Stephen F. Cohen


On his book The Victims Return: Survivors of the Gulag After Stalin

Cover Interview of February 13, 2011

A close-up

I hope that your “browsing reader” glances at the Prologue, the pages one through six.  One informed reader said this must be the best short overview of Stalin’s terror ever published.

Having read the horrors described in those few pages may well make one want to know what later happened to the victims that survived them.

In three photo album inserts, I have included striking photos, showing the faces of some names that will be known to more than a few American readers—the widow of Nikolai Bukharin, Anna Larina, and her children—as well as less-well-known others, before, during, and after the years of their victimization.

The faces of the victims need to be seen. Anna Larina (the widow of Nikolai Bukharin, who was executed in 1938), with their son Yuri, whom she had not seen in nineteen years, and her two younger children, Nadya and Misha, by her second husband, at her place of Siberian exile, 1956. The photographs reproduced on page 50 show Anna Larina’s aging during her years in the Gulag, and Yuri’s in the orphanage.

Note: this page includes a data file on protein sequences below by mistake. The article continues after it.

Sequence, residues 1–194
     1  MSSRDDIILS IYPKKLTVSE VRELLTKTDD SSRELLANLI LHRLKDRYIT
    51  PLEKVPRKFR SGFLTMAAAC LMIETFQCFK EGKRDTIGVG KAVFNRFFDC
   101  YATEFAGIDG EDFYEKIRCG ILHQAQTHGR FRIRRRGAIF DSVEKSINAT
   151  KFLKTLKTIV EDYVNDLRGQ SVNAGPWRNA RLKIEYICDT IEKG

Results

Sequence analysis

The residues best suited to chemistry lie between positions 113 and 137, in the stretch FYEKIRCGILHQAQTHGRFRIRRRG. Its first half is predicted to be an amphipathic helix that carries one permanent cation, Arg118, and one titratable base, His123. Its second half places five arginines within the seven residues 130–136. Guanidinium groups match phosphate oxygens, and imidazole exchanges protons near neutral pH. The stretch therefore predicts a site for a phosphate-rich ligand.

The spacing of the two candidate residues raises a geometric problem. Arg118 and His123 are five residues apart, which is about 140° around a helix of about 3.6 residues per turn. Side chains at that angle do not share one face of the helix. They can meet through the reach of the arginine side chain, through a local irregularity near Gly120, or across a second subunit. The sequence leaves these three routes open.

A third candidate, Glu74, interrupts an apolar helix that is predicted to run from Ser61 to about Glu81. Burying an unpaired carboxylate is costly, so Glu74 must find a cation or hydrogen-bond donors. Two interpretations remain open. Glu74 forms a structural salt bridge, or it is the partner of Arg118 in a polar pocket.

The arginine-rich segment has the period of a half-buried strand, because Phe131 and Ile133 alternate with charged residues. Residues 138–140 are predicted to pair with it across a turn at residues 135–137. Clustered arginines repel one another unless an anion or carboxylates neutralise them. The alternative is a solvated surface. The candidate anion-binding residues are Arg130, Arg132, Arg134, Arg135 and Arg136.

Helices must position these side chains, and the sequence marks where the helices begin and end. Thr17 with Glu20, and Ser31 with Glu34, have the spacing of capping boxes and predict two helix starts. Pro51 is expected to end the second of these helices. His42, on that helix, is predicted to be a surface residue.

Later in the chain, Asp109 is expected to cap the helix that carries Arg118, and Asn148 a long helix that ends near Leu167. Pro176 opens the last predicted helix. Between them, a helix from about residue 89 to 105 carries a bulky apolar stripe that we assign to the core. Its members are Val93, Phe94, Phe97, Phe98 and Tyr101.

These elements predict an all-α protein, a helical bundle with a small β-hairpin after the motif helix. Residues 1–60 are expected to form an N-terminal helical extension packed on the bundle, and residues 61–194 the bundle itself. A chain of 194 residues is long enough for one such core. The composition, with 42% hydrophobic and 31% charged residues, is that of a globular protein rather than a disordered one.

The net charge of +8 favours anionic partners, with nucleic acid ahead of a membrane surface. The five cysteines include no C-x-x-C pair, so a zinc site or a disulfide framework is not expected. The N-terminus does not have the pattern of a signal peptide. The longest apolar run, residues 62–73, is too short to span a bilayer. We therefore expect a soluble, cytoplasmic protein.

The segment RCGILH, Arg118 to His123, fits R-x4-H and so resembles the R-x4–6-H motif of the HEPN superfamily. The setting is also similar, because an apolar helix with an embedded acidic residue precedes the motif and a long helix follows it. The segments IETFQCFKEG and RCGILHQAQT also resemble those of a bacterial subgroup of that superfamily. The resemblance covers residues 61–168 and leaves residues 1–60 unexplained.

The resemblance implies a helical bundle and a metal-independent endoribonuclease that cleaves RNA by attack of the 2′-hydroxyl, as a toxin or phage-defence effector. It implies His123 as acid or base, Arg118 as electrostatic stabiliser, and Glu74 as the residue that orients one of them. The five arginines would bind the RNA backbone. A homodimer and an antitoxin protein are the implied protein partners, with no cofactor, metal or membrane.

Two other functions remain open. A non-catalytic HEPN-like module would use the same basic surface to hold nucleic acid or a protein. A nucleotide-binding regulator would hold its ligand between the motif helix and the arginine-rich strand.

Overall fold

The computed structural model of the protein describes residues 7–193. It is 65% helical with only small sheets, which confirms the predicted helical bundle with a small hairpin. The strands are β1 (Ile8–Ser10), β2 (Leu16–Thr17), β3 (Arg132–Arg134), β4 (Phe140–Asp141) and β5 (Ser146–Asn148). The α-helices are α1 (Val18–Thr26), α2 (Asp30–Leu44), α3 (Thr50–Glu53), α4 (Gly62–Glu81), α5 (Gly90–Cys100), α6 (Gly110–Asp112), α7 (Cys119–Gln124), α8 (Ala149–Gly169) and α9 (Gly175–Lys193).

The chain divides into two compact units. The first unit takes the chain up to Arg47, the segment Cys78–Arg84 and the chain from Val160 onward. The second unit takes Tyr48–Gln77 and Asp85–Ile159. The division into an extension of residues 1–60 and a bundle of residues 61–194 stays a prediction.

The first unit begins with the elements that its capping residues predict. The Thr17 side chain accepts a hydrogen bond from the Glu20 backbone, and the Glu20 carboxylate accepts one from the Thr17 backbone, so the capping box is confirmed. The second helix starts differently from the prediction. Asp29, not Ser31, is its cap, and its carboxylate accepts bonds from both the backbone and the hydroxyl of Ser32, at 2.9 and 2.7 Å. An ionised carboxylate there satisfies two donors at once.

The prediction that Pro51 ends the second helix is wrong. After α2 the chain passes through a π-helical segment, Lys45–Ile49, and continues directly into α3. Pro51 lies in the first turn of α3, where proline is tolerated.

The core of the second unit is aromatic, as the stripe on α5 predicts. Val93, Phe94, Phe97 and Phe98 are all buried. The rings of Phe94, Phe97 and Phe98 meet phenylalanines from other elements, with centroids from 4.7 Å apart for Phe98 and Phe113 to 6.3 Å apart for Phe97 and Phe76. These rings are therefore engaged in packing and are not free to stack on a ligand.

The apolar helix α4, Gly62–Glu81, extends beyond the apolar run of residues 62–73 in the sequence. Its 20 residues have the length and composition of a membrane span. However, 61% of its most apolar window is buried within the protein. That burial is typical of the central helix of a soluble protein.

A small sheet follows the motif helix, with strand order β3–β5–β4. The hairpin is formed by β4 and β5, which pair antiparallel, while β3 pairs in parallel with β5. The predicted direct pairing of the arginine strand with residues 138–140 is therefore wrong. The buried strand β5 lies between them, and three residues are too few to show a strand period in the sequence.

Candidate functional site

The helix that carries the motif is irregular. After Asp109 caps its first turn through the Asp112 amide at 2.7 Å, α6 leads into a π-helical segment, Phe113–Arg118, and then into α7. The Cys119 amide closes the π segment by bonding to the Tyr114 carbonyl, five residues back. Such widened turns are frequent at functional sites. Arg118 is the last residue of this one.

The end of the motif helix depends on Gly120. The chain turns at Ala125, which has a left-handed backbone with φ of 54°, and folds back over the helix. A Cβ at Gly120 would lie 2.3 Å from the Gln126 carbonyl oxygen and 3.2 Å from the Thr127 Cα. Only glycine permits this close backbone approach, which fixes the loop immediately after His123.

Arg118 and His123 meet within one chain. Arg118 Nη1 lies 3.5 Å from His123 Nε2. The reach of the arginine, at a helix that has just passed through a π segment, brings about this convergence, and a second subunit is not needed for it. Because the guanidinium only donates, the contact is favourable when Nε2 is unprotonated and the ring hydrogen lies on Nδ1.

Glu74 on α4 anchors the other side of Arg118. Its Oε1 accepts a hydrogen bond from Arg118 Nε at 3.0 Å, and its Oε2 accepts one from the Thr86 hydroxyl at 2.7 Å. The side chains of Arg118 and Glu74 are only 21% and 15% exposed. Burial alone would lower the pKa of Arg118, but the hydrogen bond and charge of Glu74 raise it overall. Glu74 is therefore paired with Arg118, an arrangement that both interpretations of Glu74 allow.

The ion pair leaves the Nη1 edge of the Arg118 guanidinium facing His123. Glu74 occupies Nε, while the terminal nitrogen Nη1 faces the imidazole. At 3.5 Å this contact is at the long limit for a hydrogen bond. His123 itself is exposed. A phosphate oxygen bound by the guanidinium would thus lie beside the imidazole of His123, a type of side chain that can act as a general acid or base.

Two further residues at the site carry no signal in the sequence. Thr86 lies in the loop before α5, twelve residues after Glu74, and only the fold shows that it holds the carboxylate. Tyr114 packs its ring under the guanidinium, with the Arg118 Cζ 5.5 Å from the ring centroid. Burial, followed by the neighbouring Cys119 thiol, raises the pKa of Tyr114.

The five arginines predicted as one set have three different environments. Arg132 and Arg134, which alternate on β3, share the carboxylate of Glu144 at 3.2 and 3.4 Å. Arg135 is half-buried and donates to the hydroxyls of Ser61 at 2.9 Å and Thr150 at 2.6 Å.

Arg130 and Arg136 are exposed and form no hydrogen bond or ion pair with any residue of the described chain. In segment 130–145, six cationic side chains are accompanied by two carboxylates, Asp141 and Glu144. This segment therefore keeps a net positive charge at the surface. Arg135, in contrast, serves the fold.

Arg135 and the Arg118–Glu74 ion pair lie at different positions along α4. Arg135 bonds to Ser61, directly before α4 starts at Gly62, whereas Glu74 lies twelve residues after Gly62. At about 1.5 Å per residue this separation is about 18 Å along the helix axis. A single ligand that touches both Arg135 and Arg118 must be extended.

Several compelling photographs of Olga Shatunovskaya are reproduced in the book. Left, Olga Shatunovskaya before her arrest, in 1936; right, in a Magadan camp, 1945.  After her release in the early 1950s, Shatunovskaya became a member of Khrushchev’s inner political circle and, in that capability, helped to free millions of other victims from labor camps and exile.

Many of the photos in the book are my own, and thus quite personal. A 1980 photo of the author with Anton Antonov-Ovseyenko.

In the pages eight and nine I explain how this author, who grew up in Kentucky far from all of that, ended up living among Stalin’s victims in Moscow and eventually writing their story.  If nothing else, my own “fate” in this regard reminds us how unexpected our lives can be.